• What is the result of living in love?
Read Ephesians 6:24.
Grace be with all those who love our Lord Jesus Christ with incorruptible love.
Grace is a benefit of loving God in return. Certainly, God loves everyone. In fact, the Bible says His love is beyond our ability to understand it. He offers grace to everyone, through His son, Jesus Christ but not everyone accepts this grace.
Let’s talk a minute about the group that does choose to accept God’s grace through Jesus Christ. They have received God’s grace of eternal life. God’s favor is theirs. Acceptance, joy, and pleasure are their birthright. Many are living “in grace.” The joy of Christ is in their eyes. They bask in the knowledge that through Jesus, they are “perfect” in God’s eyes. Poor self-esteem vanishes and confidence replaces it. They grow more like Christ every day. They don’t take world or personal events, even tragic ones, too seriously because they have a heavenly perspective. They are “strong in grace.”
Sadly, another and possibly larger group of Christians may benefit from God’s promise of eternal salvation but are suffering terribly. I’ve traveled through all fifty states of American, talking to people about God, and I’ve met many such Christians. Why is it that they are so miserable and have been unable to embrace the gift of God’s grace?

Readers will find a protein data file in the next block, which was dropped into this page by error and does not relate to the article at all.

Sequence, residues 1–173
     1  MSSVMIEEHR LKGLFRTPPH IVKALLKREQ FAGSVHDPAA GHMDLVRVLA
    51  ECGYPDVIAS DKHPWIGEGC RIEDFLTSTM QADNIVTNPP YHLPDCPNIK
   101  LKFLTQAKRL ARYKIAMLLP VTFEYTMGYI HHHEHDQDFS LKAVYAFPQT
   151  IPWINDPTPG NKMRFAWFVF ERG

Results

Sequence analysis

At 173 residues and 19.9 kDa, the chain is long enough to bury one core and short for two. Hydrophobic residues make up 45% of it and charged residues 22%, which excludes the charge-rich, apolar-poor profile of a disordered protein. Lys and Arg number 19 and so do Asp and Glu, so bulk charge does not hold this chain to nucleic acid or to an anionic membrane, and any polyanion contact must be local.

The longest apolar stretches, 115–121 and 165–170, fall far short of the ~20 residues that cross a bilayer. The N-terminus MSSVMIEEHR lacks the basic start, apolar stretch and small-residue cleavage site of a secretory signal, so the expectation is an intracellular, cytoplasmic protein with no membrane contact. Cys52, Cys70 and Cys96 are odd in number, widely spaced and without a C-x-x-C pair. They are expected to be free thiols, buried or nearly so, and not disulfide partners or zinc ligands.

For some the simplicity of grace is beyond comprehension. They need to continually strive to be worthy of God’s love but have no self-confidence. They suffer from poor self-esteem.
Others may be bringing judgment on themselves by judging others. There are plenty of modern “Pharisees” around who seem to want to keep track of how they and others “follow the rules.” Their lists of rules grow longer and longer. Not only are they not “strong in grace,” they drive others away from grace.
Life can be overwhelming. When circumstances repeatedly go contrary to our desires, it is easy to give up and become hopeless. Trying again seems pointless. When depression takes over, we can become paralyzed and unable to see God. Discouragement is a demon sent to steal the joy of grace.
Some have deliberately chosen to live like the world instead of like Christ. They rationalize that the Bible’s instructions are not relevant to our culture. They do what makes them feel good, regardless of the consequences. When caught, they constantly vacillate between self-justification (I am not as bad as others are around me) and guilt (There is no hope).